By Todd R. Nelson
I got married wearing a kilt. It was made in the Gunn tartan: green, blue, black and a blood red pinstripe. Gunn may not sound too Scottish, because the Nelsons apparently descended from Norse people, perhaps Viking invaders many eons ago. I am also a member of a clan of a different ilk, the nationwide progressive schools community. I descend directly from the influence of John Dewey, Whitehead, Francis Parker. And the Nelson band of Lesley and Todd and their three kids has lived in urban, suburban, and rural environments, including small towns that depend on volunteers to put out fires, staff the ambulance corps, and grant precious harbor moorings in a small Maine harbor. I changed schools this summer and am now hoping to be inducted into the Ridley Creek Tribe of Rose Valley learners, which may be where all of my affiliations intersect: kilt, progressive classroom, mooring, and bamboo forts or May fair dances.
I do have a point: Imagine the number of clans, tribes, and bands comprising any school community—including the ingenious interpretations of this concept that each child might arrive at. The block corner clan; the dress-up corner band; the tribe of button sorters in the kindergarten; the adult learning community. There are subtle shades of meaning to each kind of human collective.
Which is to say that we all blend in intentional and unintentional, chosen, inherited or happenstance communities, clans, tribes, and bands. We are each a product of the unique warp and weft of location, values, and history. Each of us comes from near and far in time and distance. Within five generations on just one side of my clan, I descend from a farmer, a carpenter, a journalist, a tool and die maker, and an accountant. My kids will have to add an educator to their list. I can’t wait to see what their kids add.
I’ve come to feel that community is, in fact, always intentional. It is the choice we make to join together, share habitation in a particular place and time, or congregate along an intellectual or artistic vein of experience. If the world is now flat (Thomas Friedman), then a certain sense of community can reach farther, faster than ever before—if that is our intent.
And yet… does the sense of “online community” have the same satisfying texture as throwing our voices over the backyard fence, shoveling driveways, or fighting fires together? Authentic communities share a stake in a particular place. Without some core allegiance or devotion we’re left with mere occupancy, or land use without stewardship. Wendell Berry, the Kentucky poet, locates healthy childhood in such a core: “If we were lucky enough as children to be surrounded by grown-ups who loved us, then our sense of wholeness is not just the sense of completeness-in-ourselves, but is the sense also of belonging to others and to our place; it is an unconscious awareness of community, of having-in-common.” We are moored in such having-in-common, and it is something to be cherished and amplified. The world needs more of it!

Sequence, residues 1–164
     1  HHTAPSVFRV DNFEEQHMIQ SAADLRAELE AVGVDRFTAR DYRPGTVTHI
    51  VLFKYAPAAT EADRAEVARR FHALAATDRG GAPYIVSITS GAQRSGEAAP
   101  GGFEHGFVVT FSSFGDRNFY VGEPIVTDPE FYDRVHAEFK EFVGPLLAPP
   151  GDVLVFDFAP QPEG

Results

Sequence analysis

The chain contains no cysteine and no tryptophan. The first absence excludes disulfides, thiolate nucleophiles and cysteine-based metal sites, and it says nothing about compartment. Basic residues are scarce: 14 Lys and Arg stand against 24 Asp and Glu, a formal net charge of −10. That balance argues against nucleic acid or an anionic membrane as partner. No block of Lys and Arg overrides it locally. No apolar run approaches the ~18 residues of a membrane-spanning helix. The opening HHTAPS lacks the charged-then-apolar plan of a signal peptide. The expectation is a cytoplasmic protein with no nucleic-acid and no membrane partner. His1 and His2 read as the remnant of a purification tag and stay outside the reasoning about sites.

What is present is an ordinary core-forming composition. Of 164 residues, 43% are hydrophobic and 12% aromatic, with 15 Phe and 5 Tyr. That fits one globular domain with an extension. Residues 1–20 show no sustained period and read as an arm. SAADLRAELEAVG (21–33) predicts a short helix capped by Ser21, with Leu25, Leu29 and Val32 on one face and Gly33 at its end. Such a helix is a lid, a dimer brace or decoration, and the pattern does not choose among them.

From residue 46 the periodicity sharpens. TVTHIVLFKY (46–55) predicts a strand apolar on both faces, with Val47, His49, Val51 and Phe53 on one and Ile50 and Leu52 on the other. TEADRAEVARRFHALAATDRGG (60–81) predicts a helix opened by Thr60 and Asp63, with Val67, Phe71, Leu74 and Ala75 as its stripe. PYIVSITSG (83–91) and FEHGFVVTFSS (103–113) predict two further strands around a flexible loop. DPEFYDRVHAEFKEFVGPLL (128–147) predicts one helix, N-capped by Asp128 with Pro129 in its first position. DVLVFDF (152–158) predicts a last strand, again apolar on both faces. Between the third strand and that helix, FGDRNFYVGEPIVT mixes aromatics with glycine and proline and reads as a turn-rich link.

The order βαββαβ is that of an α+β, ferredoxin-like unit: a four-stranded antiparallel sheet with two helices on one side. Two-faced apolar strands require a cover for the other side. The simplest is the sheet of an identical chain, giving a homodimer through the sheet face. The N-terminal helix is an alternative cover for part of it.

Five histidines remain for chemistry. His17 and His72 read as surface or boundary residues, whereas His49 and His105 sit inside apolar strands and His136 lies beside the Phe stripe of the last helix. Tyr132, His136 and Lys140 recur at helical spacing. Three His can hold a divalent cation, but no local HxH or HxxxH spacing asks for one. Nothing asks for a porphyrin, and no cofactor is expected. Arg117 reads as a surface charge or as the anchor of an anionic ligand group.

Contemporary lives may not exactly intersect in the same commonalities as in former times—think: farming communities in which everyone depends on the quality of local soil, and one family’s barn gets raised through communal effort—but schools provide us with perhaps the last vestige of just such a community and calendar. A chance conversation with a parent reminded me of this. “I love May Fair,” he was saying, exiting a classroom last spring, in full preparation for the next day’s dances and games. “There’s nothing like it.” We spoke of the celebration as a throwback.
Indeed. What other institution in society still functions on an agrarian cycle, has profound rituals and rites of passage that celebrate seasons, planting and reaping times, where the whole community gathers to celebrate itself, as itself? It’s not something that lends itself to on-line community. There’s simply no other way to have the texture and grace of the May pole dance. It is an heirloom rhythm and celebration, to be sure, but consider how much it is still something for which people hunger. Which means school communities like ours have something important to say to the future as well—to our clan, tribe, band, or community as it will exist downstream from our time.
 “Clan, Tribe, Band, Community,” Teachers.net, October, 2010.